# integration by complex exponentials

• Feb 5th 2013, 08:29 AM
earthboy
integration by complex exponentials
I have seen that one can use the euler's formula to complexify the integration, and integrate functions like $\displaystyle e^{nx} \cos mx dx$ easily.(The method has a wikipedia page:Integration using Euler's formula - Wikipedia, the free encyclopedia)

How can i do $\displaystyle \int \frac{dx}{13+3\cos x+4\sin x}$ using complex exponentials.

PS:I know this can be easily done with standard trig substitutions and might turn out to be longer using complex exponentials, but I want to know if and how can it be done with this method ...(Nod)
• Feb 5th 2013, 08:59 AM
HallsofIvy
Re: integration by complex exponentials
Quote:

Originally Posted by earthboy
I have seen that one can use the euler's formula to complexify the integration, and integrate functions like $\displaystyle e^{nx} \cos mx dx$ easily.(The method has a wikipedia page:Integration using Euler's formula - Wikipedia, the free encyclopedia)

How can i do $\displaystyle \int \frac{dx}{13+3\cos x+4\sin x}$ using complex exponentials.

PS:I know this can be easily done with standard trig substitutions and might turn out to be longer using complex exponentials, but I want to know if and how can it be done with this method ...(Nod)

$\displaystyle cos(x)= \frac{e^{ix}+ e^{-ix}}{2}$ and $\displaystyle sin(x)= \frac{e^{ix}- e^{-ix}}{2}$ so that integral, in complex exponentials, is $\displaystyle \int\frac{dx}{13+ \frac{3e^{ix}+ 3e^{-ix}}{2}+ \frac{4e^{ix}- 4e^{-ix}}{2}}$
$\displaystyle = 2\int \frac{dx}{26+ 7e^{ix}- e^{ix}}$
Multiply both numerator and denominator by $\displaystyle e^{ix}$ to get
$\displaystyle 2\int \frac{e^{ix}dx}{26e^{ix}+ 7e^{2ix}- 1}$

Now let $\displaystyle u= e^{ix}$ so that $\displaystyle du= ie^{ix}dx$, $\displaystyle -i du= e^{ix}dx$ and that integral becomes
$\displaystyle -2i\int \frac{du}{7u^2+ 26u- 1}$.

That denominator can be factored (though not easily- use the quadratic formula to find the roots). Then it will be of the form
$\displaystyle -\frac{2i}{7}\int \frac{du}{(u- a)(u- b)}du$
where a and b are the roots. That can be integrated by "partial fracations".
• Feb 5th 2013, 05:37 PM
earthboy
Re: integration by complex exponentials
Quote:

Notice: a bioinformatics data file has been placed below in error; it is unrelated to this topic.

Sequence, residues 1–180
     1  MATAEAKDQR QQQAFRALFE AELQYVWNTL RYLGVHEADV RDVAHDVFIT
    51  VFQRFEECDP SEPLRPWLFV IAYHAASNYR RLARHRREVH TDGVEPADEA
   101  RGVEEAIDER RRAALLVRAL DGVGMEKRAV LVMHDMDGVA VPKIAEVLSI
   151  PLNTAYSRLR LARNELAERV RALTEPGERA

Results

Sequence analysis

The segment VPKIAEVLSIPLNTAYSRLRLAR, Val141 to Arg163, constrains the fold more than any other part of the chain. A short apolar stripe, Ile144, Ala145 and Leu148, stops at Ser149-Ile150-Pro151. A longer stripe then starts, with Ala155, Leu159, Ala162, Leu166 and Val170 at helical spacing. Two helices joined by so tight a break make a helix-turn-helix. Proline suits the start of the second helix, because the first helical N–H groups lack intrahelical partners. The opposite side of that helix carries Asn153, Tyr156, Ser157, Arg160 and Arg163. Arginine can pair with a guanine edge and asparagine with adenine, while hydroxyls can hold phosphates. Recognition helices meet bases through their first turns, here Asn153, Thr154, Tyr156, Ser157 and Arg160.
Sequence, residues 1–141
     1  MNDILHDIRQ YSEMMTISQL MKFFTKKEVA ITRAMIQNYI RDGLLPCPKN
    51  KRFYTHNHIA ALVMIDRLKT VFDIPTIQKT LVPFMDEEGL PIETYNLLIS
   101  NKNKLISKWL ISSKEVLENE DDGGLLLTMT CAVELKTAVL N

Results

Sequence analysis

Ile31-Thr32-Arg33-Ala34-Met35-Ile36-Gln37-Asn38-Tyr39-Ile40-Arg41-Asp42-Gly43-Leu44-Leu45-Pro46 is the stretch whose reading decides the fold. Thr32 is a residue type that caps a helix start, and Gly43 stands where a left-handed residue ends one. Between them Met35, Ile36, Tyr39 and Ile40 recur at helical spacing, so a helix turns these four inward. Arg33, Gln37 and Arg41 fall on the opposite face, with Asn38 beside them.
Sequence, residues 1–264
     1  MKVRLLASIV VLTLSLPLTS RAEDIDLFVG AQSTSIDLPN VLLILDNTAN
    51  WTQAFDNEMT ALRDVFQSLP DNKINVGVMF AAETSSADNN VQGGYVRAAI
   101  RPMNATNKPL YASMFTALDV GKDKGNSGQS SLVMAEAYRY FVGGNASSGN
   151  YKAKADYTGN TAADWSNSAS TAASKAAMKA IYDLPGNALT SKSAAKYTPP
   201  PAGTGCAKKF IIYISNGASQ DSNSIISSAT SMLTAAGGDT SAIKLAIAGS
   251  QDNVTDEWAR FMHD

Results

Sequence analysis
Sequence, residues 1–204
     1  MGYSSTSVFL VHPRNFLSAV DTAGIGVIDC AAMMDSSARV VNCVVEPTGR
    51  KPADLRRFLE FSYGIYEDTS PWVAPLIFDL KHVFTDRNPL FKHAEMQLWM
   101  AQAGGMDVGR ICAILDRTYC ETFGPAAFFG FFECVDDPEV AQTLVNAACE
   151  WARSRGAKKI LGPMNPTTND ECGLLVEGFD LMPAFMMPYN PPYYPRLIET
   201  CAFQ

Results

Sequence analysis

Originally Posted by HallsofIvy
$\displaystyle cos(x)= \frac{e^{ix}+ e^{-ix}}{2}$ and $\displaystyle sin(x)= \frac{e^{ix}- e^{-ix}}{2}$

small doubt:
is $\displaystyle \sin x= \frac{e^{ix}- e^{-ix}}{2}$ or $\displaystyle \sin x= \frac{e^{ix}- e^{-ix}}{2i}$
both are seem to be used in books, but what is the difference?
• Feb 5th 2013, 06:28 PM
Prove It
Re: integration by complex exponentials
Quote:

Originally Posted by earthboy
small doubt:
is $\displaystyle \sin x= \frac{e^{ix}- e^{-ix}}{2}$ or $\displaystyle \sin x= \frac{e^{ix}- e^{-ix}}{2i}$
both are seem to be used in books, but what is the difference?

It's \displaystyle \displaystyle \begin{align*} \sin{(x)} = \frac{e^{i\,x} - e^{-i\,x}}{2i} \end{align*}.
• Feb 6th 2013, 05:15 AM
earthboy
Re: integration by complex exponentials
Quote:

Originally Posted by HallsofIvy

That denominator can be factored (though not easily- use the quadratic formula to find the roots). Then it will be of the form
$\displaystyle -\frac{2i}{7}\int \frac{du}{(u- a)(u- b)}du$
where a and b are the roots. That can be integrated by "partial fracations".

$\displaystyle -\frac{2i}{7}\int \frac{du}{(u- a)(u- b)}du = -\frac{2i}{7} \frac{\log(u-a)-\log(u-b)}{a-b}$
where $\displaystyle a=-13-4\sqrt{11}$ and $\displaystyle b= 4\sqrt{11}-13$

how do I separate the real and imaginary part here to get the answer,especially what to do with the $\displaystyle \frac{2i}{7}$ ?
• Feb 6th 2013, 10:21 PM
earthboy
Re: integration by complex exponentials
Quote:

Originally Posted by earthboy
$\displaystyle -\frac{2i}{7}\int \frac{du}{(u- a)(u- b)}du = -\frac{2i}{7} \frac{\log(u-a)-\log(u-b)}{a-b}$
where $\displaystyle a=-13-4\sqrt{11}$ and $\displaystyle b= 4\sqrt{11}-13$

how do I separate the real and imaginary part here to get the answer,especially what to do with the $\displaystyle \frac{2i}{7}$ ?

Any hint on how to separate the real and the imaginary part and find the answer from here?